That’s almost half a trillion per year on interest payments only! And we must remember the Federal Reserve is keeping interest rates artificially low. If interest rates doubled (which is not a long-shot concept, considering that even if rates did double from here, they would still be below the 30-year average), the government interest rate payments could read $1.0 trillion a year!
Looking at the U.S. national debt as a percentage of our gross domestic product (GDP), it stood at 105.07% at the end of the first quarter of this year. (Source: Federal Reserve … Read More
Wherever we turn to in the media today, we hear or read the U.S. economy is witnessing a period of economic growth. The media and politicians cite an improving luxury car market, rising real estate prices, and jobs growth.
On the contrary, and as I have been writing in these pages for months (if not years), economic growth in the U.S. economy can only occur when consumers are optimistic and feel better about spending; the opposite of that is happening right now.
According to the U.S. Department of Commerce, sales at restaurants and bars in the U.S. economy plummeted the most in June since February of 2008. Sales at restaurants and bars also witnessed a decline in May. (Source: Wall Street Journal, July 15, 2013.)
In times of economic growth, consumers go out and spend money. As purchases at restaurants and bars are discretionary, this tells me consumers in the U.S. either don’t really want to spend or don’t have much to spend.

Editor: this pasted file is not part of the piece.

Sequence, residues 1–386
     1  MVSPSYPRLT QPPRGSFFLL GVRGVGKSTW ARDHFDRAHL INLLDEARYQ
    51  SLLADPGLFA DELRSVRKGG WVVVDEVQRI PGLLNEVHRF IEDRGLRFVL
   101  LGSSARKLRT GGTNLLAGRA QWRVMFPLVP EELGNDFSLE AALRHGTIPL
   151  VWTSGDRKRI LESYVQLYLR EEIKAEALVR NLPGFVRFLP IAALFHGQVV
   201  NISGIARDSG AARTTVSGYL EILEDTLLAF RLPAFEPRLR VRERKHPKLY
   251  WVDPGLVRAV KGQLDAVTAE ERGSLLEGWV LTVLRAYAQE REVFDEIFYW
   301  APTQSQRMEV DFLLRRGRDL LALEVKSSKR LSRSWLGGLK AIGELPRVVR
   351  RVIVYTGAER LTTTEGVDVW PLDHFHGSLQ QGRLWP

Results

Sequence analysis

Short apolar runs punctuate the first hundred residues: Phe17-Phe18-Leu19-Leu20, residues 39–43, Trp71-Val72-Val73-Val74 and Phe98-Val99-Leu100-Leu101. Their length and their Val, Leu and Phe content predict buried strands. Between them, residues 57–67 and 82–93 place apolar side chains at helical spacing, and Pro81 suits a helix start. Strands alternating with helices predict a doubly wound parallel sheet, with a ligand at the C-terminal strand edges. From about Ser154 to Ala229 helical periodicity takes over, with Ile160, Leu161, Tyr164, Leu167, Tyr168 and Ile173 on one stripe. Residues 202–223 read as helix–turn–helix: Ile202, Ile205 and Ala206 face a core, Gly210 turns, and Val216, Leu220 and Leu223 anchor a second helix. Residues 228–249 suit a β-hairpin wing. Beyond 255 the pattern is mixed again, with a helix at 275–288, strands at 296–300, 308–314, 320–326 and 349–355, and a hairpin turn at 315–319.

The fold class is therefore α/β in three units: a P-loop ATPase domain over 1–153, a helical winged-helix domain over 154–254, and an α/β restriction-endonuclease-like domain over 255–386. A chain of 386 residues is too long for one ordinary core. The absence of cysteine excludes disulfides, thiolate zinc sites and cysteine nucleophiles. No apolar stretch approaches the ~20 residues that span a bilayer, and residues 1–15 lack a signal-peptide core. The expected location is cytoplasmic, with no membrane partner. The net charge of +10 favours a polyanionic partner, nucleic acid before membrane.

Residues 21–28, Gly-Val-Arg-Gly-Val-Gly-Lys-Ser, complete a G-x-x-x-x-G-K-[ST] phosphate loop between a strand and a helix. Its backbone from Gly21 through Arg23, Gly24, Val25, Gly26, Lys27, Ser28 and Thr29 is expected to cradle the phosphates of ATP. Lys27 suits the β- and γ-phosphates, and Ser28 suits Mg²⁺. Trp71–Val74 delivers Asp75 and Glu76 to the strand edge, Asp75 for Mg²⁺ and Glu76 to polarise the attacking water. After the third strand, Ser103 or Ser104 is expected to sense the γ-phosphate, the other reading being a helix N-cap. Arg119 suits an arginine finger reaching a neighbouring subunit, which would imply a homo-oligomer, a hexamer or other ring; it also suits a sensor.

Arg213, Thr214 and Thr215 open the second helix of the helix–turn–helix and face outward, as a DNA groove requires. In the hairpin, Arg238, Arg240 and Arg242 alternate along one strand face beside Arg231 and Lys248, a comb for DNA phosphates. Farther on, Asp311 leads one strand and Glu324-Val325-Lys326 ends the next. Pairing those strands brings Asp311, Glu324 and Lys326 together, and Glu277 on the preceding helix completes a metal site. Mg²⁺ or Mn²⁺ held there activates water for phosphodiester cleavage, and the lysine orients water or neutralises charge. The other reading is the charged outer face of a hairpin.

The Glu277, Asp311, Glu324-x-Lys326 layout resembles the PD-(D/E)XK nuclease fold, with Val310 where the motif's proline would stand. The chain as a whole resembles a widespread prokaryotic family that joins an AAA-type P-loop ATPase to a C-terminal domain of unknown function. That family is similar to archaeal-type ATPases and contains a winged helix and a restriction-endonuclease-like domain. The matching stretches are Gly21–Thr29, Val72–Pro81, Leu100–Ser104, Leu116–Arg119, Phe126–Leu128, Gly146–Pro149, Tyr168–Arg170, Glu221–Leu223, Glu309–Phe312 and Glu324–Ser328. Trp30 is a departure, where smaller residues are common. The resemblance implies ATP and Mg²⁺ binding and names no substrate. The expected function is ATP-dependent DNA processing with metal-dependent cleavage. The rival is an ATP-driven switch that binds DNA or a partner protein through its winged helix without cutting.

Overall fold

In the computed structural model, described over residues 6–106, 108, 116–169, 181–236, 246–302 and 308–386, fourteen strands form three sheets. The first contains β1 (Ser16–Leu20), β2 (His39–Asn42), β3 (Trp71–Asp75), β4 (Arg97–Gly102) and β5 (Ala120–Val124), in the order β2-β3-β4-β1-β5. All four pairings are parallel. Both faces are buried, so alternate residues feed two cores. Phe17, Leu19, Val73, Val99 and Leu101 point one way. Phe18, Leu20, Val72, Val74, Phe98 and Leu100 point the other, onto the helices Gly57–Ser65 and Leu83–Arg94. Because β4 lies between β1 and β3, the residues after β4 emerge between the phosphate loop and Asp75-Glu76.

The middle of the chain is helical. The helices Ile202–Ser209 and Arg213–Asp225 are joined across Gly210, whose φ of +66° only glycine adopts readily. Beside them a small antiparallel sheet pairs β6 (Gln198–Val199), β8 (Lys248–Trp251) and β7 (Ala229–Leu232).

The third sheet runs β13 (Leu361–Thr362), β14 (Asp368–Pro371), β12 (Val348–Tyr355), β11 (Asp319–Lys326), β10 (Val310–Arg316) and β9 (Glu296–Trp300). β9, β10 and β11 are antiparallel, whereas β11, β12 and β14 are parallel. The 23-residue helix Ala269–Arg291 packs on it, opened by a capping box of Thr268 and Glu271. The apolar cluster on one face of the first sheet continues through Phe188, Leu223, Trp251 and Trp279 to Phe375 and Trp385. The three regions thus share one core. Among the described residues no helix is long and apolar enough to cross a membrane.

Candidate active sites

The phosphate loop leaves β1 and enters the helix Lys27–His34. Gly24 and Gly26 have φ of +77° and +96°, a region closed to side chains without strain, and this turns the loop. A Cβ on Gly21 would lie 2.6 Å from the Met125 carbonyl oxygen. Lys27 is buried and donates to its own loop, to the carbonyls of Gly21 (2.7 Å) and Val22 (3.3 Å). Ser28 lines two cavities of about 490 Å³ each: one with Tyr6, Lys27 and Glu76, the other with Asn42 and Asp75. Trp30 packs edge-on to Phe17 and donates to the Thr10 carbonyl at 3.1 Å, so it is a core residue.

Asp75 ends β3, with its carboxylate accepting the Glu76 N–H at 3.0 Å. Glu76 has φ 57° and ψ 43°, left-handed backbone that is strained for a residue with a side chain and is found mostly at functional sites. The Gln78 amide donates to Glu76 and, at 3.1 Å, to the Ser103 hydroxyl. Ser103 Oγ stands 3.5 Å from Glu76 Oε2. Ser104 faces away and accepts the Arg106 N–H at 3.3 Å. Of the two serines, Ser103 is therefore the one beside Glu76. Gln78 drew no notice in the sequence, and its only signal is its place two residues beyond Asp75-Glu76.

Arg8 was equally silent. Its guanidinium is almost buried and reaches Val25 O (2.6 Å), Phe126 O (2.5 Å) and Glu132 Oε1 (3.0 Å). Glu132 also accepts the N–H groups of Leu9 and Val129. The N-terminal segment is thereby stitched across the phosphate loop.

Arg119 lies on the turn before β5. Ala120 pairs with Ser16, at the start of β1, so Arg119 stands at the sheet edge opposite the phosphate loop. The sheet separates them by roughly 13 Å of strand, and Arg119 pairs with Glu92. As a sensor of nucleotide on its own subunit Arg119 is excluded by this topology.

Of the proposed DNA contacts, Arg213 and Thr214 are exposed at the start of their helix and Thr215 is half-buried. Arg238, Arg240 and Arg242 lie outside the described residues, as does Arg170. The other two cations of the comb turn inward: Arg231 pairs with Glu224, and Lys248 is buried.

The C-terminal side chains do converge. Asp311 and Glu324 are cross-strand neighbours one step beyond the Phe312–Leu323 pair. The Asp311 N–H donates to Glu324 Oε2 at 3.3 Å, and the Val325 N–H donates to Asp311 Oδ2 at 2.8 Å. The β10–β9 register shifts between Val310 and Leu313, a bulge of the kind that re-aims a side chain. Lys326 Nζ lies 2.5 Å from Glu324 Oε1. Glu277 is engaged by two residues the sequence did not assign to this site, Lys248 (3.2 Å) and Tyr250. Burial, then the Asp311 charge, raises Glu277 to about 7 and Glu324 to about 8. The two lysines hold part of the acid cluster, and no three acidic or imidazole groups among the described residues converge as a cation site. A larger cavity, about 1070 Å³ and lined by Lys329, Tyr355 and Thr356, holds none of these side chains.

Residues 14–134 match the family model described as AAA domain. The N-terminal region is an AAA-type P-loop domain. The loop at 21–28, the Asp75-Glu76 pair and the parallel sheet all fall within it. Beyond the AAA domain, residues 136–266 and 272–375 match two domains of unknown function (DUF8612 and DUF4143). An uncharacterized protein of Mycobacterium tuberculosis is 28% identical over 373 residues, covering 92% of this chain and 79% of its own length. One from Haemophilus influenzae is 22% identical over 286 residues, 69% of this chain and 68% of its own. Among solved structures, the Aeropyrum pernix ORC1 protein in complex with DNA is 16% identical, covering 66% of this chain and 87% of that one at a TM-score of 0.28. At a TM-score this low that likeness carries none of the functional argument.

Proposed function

U.S. companies are also painting a picture of slowing consumer spending. Consider General Electric Company (NYSE/GE), one of the pioneer companies in the U.S. economy. General Electric (GE) reported second-quarter earnings that beat estimates, but the company’s revenues declined two percent from the same period a year ago. (Source: General Electric Company web site, July 19, 2013.) In times of economic growth, you want to see earnings increasing with revenues.
Why aren’t the consumers in the U.S. economy spending?
Wages of employees in the U.S. economy in real terms, adjusted for inflation, are declining. In June, real average weekly earnings for all employees in the U.S. … Read More
While an economic slowdown is looming over the global economy, no one seems to care, as stock markets continue to reach new record-highs—giving investors false hopes of economic growth. But how long can this mirage actually last?
The economic slowdown in the global economy I’m talking about is a worldwide pullback in growth. Take India as the first example. According to India’s Central Statistics Office, the Indian economy is growing at five percent—its slowest pace in a decade! The director general of the Confederation of Indian Industry was quoted late last week as saying, “With no visible pick-up in any key levers of the economy, the situation remains grim.” (Source: Mallet, V., “India records slowest growth in a decade,” Financial Times, May 31, 2013.)
China, the second-biggest economic hub in the global economy, is facing headwinds, as its economy is growing at its slowest pace since 2009. Japan has undergone the largest per-capita quantitative easing program in history (its debt-to-gross domestic product [GDP] is running above 200%), and that country is back in a recession.
The unemployment rate in the eurozone was reported last week at 12.2% for April. It was 12.1% in March. The unemployment rate in Spain stood at 26.8 % and in Portugal, it stood at 17.8%. (Source: Eurostat web site, May 31, 2013.)
And industrial metal prices, which are supposed to be a leading indicator, are all heading downward.
Take a look at the chart below of the Dow Jones-UBS Industrial Metals Index. This index provides an overall picture of the performance of industrial metals.
Chart courtesy of www.StockCharts.com
Since the beginning of the … Read More